It's 2016 and There Is a Monument Standing at Harpers Ferry, a Major Abolitionist Historical Site, Glorifying Slave Owners
Harpers Ferry is a landmark of America’s abolitionist movement, famous as the last stand of radical anti-slavery activist John Brown. That’s why it’s particularly troubling that the United Daughters of the Confederacy, a group which seeks to rewrite history in favor of the South, has erected a racist monument at the site, just feet from a memorial to those who fought against slavery.
The historical significance of Harpers Ferry dates to 1859, when 19 men entered the region with the aim of seizing the arsenal there and starting an uprising that would result in an autonomous state for formerly enslaved African Americans. Led by militant abolitionist John Brown, the fighters were successful in taking the town. The next day, President James Buchanan ordered Lt. Colonel Robert E. Lee—the same man who would later lead the Confederate army—to retake Harpers Ferry. On October 18, surrounded and refusing to surrender, John Brown and his men were captured alive by 88 Marines.
Heather Cottin, who teaches U.S. history at LaGuardia Community College in Queens, New York, discussed Brown’s goals in making such a bold effort toward ending slavery.
“Brown’s plan was to take the weapons from the arsenal and bring them into the Appalachian Mountains that ran through the South,” Cottin said. “The plan was to encourage the bravest enslaved people to escape west into the mountains from Virginia to Georgia. They would train with the weapons [and] organize into a guerrilla army eventually large enough to challenge pro-slavery forces throughout the South.”
“Brown and his ‘19 men so true’ even wrote a Constitution of the United States which would have distributed the land and wealth of the country into the hands of the workers and farmers.”
After his capture, Brown refused the opportunity to escape. On November 2, he was convicted of inciting slaves to rebel, first-degree murder and treason. His composure reportedly only showed signs of cracking when authorities denied him the right to see his wife the night before his execution. Brown was hanged a month to the day following his conviction. His last words would come to echo in the ears of history.
“I, John Brown, am now quite certain that the crimes of this guilty land will never be purged away, but with blood. I had, as I now think, vainly flattered myself that without very much bloodshed it might be done.”
With the noose still around his neck, Brown’s body was laid in a coffin which was sent to be buried in New York.
Today Harpers Ferry is a tourist attraction, about an hour’s drive from Washington, D.C. According to the National Parks Service, 300,000 people visit the national park each year, many of them to pay tribute to the man who bore arms to end slavery.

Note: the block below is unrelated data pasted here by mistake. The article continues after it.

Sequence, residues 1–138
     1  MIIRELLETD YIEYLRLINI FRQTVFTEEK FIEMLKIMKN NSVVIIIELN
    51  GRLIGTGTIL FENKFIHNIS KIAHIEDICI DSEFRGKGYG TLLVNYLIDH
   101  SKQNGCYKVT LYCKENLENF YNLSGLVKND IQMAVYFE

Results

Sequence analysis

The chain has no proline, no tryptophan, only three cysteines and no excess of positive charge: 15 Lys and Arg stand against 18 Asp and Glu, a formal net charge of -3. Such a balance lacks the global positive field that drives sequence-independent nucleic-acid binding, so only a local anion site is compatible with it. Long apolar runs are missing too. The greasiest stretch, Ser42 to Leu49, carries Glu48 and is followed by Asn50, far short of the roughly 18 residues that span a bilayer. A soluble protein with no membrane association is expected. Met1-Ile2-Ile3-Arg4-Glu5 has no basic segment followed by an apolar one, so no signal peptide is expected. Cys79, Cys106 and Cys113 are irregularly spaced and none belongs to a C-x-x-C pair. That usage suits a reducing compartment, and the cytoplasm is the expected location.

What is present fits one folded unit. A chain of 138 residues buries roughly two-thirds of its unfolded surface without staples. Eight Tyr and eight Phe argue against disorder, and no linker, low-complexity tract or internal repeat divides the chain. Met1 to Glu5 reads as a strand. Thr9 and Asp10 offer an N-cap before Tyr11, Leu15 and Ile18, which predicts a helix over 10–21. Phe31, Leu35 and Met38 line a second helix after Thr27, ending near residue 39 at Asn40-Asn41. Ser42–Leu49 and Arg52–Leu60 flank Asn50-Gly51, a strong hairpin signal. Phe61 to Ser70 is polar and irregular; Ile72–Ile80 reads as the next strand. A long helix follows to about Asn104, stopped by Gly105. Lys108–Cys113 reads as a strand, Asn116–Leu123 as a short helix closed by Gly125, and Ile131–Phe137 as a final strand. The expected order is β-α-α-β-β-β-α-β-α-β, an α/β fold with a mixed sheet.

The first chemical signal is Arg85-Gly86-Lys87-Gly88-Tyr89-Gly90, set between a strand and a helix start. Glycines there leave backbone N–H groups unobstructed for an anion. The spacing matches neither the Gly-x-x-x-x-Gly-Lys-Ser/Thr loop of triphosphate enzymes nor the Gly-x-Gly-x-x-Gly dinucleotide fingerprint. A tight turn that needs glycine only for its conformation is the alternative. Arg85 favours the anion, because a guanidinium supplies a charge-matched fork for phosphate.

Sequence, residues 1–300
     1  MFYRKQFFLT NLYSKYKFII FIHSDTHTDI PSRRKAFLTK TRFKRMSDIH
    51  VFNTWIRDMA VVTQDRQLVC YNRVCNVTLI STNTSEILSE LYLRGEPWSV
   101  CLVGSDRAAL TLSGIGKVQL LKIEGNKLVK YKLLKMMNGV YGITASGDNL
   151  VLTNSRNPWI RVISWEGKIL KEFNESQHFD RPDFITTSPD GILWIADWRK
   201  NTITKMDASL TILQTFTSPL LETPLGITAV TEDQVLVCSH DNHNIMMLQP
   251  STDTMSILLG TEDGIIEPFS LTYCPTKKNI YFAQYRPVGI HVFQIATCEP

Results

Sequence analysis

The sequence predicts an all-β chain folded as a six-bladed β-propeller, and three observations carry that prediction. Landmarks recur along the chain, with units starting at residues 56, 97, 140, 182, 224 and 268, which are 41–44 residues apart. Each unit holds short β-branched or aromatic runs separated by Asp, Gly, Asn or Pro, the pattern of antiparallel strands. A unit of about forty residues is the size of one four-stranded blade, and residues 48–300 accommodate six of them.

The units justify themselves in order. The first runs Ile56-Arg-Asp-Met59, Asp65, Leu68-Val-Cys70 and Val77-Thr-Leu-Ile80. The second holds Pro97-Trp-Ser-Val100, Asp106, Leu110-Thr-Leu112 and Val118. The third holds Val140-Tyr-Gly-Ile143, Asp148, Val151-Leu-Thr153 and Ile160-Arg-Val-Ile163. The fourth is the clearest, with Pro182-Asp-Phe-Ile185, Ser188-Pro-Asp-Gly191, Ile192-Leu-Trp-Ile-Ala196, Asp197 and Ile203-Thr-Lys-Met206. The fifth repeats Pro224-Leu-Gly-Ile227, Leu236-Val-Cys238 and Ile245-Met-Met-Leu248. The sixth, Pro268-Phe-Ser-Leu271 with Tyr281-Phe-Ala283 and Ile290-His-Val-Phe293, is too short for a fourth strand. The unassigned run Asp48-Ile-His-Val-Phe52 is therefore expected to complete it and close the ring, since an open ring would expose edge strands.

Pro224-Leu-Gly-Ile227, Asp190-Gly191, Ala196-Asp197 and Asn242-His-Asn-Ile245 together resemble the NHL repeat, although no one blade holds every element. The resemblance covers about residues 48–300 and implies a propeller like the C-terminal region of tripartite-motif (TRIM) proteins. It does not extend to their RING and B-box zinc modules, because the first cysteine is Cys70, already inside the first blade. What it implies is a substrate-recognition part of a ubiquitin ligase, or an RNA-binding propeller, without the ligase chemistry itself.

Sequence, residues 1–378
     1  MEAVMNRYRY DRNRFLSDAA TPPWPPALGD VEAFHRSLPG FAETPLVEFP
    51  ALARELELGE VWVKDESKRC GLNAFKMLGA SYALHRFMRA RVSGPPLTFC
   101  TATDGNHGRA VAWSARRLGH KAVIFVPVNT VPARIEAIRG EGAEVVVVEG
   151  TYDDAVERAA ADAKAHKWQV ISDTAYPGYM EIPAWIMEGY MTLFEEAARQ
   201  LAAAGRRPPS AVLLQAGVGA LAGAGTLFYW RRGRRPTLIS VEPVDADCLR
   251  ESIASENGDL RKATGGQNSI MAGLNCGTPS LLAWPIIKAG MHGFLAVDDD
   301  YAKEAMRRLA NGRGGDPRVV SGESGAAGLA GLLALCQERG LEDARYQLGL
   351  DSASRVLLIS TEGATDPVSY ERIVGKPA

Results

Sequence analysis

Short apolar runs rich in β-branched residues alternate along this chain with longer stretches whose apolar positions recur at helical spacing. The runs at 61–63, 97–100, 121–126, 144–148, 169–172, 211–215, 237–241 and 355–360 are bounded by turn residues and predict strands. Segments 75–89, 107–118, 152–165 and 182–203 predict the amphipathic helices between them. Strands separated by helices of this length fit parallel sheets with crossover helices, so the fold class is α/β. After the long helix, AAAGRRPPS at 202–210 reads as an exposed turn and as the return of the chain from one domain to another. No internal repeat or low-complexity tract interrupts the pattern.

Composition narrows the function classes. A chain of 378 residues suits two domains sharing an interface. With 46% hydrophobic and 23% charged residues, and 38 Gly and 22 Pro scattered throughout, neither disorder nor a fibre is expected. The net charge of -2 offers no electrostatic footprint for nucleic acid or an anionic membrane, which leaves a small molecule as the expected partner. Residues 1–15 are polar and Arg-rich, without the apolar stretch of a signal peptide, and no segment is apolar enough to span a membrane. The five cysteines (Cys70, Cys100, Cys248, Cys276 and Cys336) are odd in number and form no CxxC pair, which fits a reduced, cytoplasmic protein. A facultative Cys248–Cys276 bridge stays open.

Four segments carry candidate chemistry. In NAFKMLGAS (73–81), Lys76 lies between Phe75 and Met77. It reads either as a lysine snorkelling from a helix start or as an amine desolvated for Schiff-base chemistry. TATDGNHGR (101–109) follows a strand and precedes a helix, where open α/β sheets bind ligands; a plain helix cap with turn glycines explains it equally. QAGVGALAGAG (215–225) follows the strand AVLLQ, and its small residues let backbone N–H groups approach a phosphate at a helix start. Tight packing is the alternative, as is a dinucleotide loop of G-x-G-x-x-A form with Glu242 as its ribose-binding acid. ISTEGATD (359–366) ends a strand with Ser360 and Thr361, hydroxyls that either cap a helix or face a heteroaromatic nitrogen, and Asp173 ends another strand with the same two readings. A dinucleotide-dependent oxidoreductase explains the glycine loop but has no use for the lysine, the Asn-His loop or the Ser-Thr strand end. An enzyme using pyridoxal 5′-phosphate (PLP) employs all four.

With the Black Lives Matter movement gaining in strength and militancy, I wanted to see how history was reflected at the site. Previous generations of Americans were taught that John Brown was a terrorist madman. I wondered how the NPS would present his legacy
Standing near the site of his original fort, I saw a granite monument erected by the United Daughters of the Confederacy to Heyward Shephard, a black man who was killed during the raid on Harpers Ferry. The monument describes him as “exemplifying the character and faithfulness of thousands of negroes.” The display next to the monument explains that “the United Daughters of the Confederacy stated that ‘erecting the monument would influence for good the present and coming generations, and prove that the people of the South who owned slaves valued and respected their good qualities as no one else ever did or will do.’”
In the year 2016, it seems both ludicrous and insulting to suggest that slave owners “valued and respected” their human chattel. Indeed, a monument that exists to revise history in favor of white Southern plantation holders and their descendants seems more than just out of touch; it’s a disgusting attempt to recast the dehumanizing institution of slavery as an innocuous institution, its perpetuators merely misunderstood by history. Particularly since it stands just a stone’s throw away from the site where America’s most famous abolitionist sacrificed his life for racial justice.
Requests for comment via email and phone from the United Daughters of the Confederacy went unanswered by time of press. A librarian I spoke with over the phone told me she did not “have the authority” to comment on the memorial. George McHugh, spokesman for the NPS, says, “there have been no discussions regarding removal or relocation of the Memorial and there have been no recorded attempts at vandalism.”
After witnessing the UDC memorial and reflecting on its purpose for placing it there, I walked to where the Potomac and Shenandoah rivers meet. The countryside is astonishingly beautiful, and with the village much as it has been for the last 100 years, it’s easy to imagine the people who escaped from slavery camping out by John Brown’s fort as the Civil War raged just miles away.
A man posed his two children at the railing of the outlook, both wearing Confederate uniforms. I watched as he took their photo and asked if I could do the same. He said yes, and I asked if he bought the uniforms here at Harpers Ferry.
“I wish!” he told me. “My wife bought them online.”
With Trump as our president come January, now might be a good time for the National Park Service to show which side of history it's on. Otherwise, we might see Confederate grays for sale at Harpers Ferry someday.